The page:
DANVILLE, Ohio (WCMH)–The community of Danville is mourning the loss of Officer Thomas Cottrell, who was found dead Sunday night outside the Danville Municipal Building. .
Powerful, positive stories are being told by residents in this small Knox County town that will cement Cottrell’s legacy.
Friend Heidi Mickley says, “It takes a big man to decide that is what they want to do for a living and be able to put that uniform on every day.”
Cottrell is gone but not forgotten in this small town of about 1,000 people. Many have already donated to a GoFundMe page for his family.
In his spare time, he was a Little League coach.
“He was great with the kids,” Mickley said. “He stepped up to coach a baseball team when we couldn’t get anyone else to coach. He loved it. He had a great time.”
Before last season, this patriot had an idea.
“Tom mentioned the flagpole would need a nice, new flag,” Mickley said. “I told him I would get one and before I even had a chance within a week, Tom had one and had it flying.”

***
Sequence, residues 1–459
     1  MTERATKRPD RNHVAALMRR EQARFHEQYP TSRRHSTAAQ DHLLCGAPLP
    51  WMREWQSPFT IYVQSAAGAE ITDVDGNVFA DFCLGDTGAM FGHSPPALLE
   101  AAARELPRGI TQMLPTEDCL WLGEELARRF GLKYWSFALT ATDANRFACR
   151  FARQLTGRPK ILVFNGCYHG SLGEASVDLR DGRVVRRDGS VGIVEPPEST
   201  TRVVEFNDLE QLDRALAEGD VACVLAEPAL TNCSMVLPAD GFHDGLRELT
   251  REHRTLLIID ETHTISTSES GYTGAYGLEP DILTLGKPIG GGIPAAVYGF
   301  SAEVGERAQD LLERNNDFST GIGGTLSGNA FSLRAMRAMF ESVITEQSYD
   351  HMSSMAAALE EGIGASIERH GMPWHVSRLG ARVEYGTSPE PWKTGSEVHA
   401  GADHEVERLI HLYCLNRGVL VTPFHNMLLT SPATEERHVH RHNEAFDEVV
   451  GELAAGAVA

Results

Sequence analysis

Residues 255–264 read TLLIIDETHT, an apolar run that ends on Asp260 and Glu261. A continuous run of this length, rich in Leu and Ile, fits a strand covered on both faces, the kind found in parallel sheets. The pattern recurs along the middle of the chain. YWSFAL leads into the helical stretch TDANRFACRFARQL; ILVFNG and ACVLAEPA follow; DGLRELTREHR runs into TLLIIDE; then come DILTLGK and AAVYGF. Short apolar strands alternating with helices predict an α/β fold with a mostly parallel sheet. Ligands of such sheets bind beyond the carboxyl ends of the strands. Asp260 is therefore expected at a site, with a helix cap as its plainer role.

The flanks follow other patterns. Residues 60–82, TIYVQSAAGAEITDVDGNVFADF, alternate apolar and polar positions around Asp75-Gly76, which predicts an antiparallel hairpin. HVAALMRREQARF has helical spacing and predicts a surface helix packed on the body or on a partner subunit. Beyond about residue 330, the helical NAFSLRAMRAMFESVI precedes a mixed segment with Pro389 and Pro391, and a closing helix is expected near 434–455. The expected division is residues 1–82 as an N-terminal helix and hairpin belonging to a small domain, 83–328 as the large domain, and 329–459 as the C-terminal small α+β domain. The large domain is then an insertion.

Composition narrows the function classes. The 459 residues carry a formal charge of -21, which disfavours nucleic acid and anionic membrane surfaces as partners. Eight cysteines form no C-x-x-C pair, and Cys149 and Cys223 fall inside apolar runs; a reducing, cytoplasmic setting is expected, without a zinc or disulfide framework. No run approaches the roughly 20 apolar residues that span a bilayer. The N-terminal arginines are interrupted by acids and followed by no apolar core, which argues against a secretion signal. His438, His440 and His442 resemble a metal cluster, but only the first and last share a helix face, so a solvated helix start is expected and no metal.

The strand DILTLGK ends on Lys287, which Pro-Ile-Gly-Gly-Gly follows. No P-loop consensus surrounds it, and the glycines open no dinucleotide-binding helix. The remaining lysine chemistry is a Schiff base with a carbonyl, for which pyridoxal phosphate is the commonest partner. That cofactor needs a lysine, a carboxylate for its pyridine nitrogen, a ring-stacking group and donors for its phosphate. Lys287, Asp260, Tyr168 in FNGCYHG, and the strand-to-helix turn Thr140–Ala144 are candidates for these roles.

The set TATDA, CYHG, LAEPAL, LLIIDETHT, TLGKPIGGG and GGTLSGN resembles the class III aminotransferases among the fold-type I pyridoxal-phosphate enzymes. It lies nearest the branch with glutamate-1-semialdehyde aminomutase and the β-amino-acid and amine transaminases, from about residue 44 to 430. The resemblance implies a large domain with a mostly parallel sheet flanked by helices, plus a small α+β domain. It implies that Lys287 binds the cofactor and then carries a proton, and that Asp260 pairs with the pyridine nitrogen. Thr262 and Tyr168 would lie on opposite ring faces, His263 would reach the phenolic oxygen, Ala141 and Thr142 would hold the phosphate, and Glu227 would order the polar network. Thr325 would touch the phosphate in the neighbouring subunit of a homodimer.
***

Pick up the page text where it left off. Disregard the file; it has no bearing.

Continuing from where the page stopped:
Today, Mickley took her children back to that diamond to remember her friend, coach, and positive community role model.
Cottrell was also a father to a lucky few, but a protector for many.
Danville third grader Kadence Mickley says, “I felt very safe. I felt if something happened, I would go to him and he would solve it.”
More importantly, those who knew him said Officer Cottrell cared about this community.
Fellow first responder Douglas Lissley says, “That’s what we as public servants are supposed to do. We are supposed to serve our communities, serve our people, go out of our way.
Lissley says two of his children want to be police officers when they grow up. He credits Officer Cottrell’s positive influence for his kids’ future aspirations.
“I would have to think part of the reason they want to be a police officer is because of guys like him and just being around him and being around his kids,” he said.
A community is asking those deep questions no one can ever seem to answer and grieving over one of their men in blue being taken from them too soon.
“I like to think that good outweighs evil,” Mickley said. “And in this case, it didn’t. It doesn’t matter. It doesn’t matter how good of a person he was and how innocent he was.”